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MIT WORKING ON MORE POWERFUL, LIGHTWEIGHT BATTERIES
Nov 01, 2018

Lithium-air batteries, also known as the lithium-oxygen batteries, work on the same principle as the lithium-ion batteries. Presently lithium-ion batteries are flooding the market and being used in the portable electronics and are a leading contender for electric vehicles. Lithium-air batteries possess a big advantage over conventional batteries. Their main components don’t have the heavy conventional compounds. They have a carbon-based air electrode and with flow of air these air-batteries are quite light hence can be utilized in electronics that themselves can be much lighter. Lithium-air batteries offer three times the energy density than the conventional batteries. They can be easily utilized in electronic devices and hybrid cars. Renowned companies like IBM and General Motors are sensing the potential lithium-air batteries hold that is why they are investing in major research projects on lithium-air technology.


How do lithium-air batteries work? Lithium-air batteries electrochemically couple a lithium anode to oxygen derived from atmosphere. Their biggest advantage is their cathode is a carbon-based air cathode instead of the heavy conventional compounds found in lithium-ion batteries. This culminates in higher energy density because cathode is lighter and oxygen is available in surroundings.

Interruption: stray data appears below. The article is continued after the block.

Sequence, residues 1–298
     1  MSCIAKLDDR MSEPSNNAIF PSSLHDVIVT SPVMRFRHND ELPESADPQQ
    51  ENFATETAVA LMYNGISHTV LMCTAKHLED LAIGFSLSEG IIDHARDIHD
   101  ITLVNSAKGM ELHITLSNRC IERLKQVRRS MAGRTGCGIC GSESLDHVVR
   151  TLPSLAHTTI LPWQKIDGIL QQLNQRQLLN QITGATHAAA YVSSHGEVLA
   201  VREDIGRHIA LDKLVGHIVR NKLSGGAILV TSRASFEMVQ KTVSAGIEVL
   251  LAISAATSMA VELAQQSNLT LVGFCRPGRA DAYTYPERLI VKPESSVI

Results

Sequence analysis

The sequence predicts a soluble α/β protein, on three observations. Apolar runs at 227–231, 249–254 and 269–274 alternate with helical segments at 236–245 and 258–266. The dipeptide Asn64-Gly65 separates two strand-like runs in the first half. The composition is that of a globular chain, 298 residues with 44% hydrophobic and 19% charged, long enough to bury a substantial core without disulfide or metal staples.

Yang, along with some of the students and visiting professor Hubert Gasteiger are catching up with those electrodes that have gold and platinum working as catalysts. Gold or platinum electrodes exhibit a higher level of activity that naturally leads to higher efficiency. This work may open wider avenues for experimenting with other metals or metallic oxides that are cheaper than gold and platinum.

If we study the chemical properties of lithium we can learn that in metallic form, lithium is highly reactive in the presence of even a tiny fraction of water. But this will not cause any safety issue because in current lithium-ion batteries, carbon-based materials are used for the negative electrode. Shao-Horn explains that the same battery principle can be applied without using metallic lithium. They can choose graphite or some other more stable negative electrode materials leading to a safer system.

Doctoral student Yi-Chun Lu who is lead author of the paper, elaborates further. She explains that this team has devised a technique for analysing the activity of different catalysts in the batteries. They can look into a variety of possible materials as catalysts. She says, “Such research could allow us to identify the physical parameters that govern the catalyst activity. Ultimately, we will be able to predict the catalyst behaviours.” Now researchers at MIT have made a breakthrough that would help the commercial development of lightweight rechargeable batteries.


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